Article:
- Get unmetered bandwidth with all accounts.
- The starter plan comes with 100 email accounts. The Plus and Business Pro plans offer unlimited email accounts.
- Get up to $200 in marketing offer bonuses.
- Enhanced cPanel makes it easy to configure and control your sites.
Decision: Which Level of Service Should You Choose?
Bluehost offers five main types of hosting plans:
- Shared hosting
- VPS hosting
- Dedicated hosting
- WordPress hosting
- Cloud Sites
If you are looking for something inexpensive and basic, shared hosting is probably what you need. This is what most beginners and small businesses are shopping for. Dedicated hosting is the most expensive option, appropriate for large commercial firms that need full control of their resources.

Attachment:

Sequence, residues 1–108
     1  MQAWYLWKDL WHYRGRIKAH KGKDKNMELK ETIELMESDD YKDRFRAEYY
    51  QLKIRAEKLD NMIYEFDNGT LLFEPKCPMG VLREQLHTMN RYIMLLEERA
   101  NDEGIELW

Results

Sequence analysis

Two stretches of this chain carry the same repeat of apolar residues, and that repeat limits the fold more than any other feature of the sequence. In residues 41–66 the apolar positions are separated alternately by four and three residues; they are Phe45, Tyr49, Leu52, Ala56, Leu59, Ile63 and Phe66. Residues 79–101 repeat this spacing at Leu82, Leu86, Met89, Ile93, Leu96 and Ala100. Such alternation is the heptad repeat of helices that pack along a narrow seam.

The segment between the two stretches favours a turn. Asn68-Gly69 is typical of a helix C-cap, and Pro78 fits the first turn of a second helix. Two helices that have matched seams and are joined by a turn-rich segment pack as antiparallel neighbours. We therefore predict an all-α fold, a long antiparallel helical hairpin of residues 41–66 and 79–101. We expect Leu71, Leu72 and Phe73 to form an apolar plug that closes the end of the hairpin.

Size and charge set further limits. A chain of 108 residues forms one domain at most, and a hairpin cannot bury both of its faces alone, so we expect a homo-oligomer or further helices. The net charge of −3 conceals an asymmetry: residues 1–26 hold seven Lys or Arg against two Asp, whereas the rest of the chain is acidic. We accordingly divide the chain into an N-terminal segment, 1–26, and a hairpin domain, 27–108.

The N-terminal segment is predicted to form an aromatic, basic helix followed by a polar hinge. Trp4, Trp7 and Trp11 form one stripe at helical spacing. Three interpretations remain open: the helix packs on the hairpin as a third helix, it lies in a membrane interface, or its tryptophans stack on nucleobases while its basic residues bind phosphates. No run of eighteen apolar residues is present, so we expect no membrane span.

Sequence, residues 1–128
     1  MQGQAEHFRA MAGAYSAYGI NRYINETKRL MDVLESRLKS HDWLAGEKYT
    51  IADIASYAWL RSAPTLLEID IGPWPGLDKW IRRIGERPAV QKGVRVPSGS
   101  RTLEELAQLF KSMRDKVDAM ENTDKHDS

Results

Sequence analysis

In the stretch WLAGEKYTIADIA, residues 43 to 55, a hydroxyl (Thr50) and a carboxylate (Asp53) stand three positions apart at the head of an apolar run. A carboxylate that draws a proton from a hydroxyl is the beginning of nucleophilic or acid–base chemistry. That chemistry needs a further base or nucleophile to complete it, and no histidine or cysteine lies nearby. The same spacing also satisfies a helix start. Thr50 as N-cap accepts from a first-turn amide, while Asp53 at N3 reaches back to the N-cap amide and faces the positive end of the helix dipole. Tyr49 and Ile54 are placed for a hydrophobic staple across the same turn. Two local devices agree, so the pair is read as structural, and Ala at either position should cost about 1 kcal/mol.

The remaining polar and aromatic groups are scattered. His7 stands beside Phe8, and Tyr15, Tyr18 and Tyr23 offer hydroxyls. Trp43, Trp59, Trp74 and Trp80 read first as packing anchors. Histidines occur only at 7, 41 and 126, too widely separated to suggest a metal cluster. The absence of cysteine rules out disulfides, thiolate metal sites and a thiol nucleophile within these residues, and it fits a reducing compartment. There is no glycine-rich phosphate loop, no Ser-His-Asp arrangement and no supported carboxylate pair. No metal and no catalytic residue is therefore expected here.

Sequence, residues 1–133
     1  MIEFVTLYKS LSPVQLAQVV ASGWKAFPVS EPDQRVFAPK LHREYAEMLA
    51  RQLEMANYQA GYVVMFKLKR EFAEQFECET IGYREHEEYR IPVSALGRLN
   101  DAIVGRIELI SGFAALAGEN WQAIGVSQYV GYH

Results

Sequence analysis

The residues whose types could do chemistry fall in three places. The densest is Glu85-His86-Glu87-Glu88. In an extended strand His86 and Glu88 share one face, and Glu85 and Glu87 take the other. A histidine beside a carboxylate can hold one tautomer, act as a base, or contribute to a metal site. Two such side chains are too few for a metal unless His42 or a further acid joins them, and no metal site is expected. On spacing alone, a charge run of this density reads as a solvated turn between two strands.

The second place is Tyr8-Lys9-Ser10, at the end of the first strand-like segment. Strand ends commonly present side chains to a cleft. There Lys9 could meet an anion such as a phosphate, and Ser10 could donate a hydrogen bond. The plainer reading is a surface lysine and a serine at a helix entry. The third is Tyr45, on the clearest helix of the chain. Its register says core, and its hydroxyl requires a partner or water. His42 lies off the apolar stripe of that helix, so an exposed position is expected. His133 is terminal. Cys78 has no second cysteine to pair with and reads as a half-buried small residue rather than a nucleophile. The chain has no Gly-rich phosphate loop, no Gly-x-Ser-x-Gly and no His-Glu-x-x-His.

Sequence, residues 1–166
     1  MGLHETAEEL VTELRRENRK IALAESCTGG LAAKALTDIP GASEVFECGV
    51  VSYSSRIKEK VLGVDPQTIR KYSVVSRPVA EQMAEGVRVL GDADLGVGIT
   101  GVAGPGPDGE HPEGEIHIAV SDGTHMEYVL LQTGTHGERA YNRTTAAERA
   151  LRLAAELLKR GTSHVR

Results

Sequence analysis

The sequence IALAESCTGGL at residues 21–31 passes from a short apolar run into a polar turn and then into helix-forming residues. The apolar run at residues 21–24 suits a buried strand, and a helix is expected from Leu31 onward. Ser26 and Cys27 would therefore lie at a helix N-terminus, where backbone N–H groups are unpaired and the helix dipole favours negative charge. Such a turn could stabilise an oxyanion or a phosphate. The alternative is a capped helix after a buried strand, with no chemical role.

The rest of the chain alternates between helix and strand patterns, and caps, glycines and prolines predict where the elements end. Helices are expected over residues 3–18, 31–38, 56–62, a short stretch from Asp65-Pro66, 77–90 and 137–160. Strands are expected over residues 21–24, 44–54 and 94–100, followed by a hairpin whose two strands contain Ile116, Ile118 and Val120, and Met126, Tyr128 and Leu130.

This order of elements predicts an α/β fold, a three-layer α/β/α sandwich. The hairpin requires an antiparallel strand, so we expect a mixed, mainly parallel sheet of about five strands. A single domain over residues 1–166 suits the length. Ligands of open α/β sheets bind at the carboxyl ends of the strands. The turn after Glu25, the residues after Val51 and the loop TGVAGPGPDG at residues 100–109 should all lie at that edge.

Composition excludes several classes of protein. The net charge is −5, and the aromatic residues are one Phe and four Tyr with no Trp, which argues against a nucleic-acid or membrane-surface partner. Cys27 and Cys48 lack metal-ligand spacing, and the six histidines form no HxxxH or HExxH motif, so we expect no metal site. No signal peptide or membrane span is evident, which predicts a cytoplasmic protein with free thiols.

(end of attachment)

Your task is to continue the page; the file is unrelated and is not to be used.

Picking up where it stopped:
With dedicated hosting, you are essentially renting a physical server. VPS hosting is a middle-ground option where you share a physical server with others, but you have your virtual operating system, so the server functions as if it is physically yours. WordPress hosting is of course what it sounds like—hosting optimized for WordPress customers. Let’s take a look at the plan tiers for each.
- Starter: Beginning at $3.49 per month, this plan jumps up to $7.99 per month at the regular price.
- Plus: This plan is regularly $10.49 per month.
- Business Pro: This plan is $23.99 per month.
These prices are all pretty good. But with this deal, you can make sure you get the best price! At the Starter level, you get one website, 100GB of space, and unmetered bandwidth. You also get one domain, five parked domains, and 25 sub-domains. Additional features include 100 email accounts with 500 MB of storage each and $50 in marketing offers.
With the Plus or Business Pro plans, you get unlimited websites and unmetered space and bandwidth, which is awesome. You get one domain included, and you can have unlimited parked domains and sub-domains.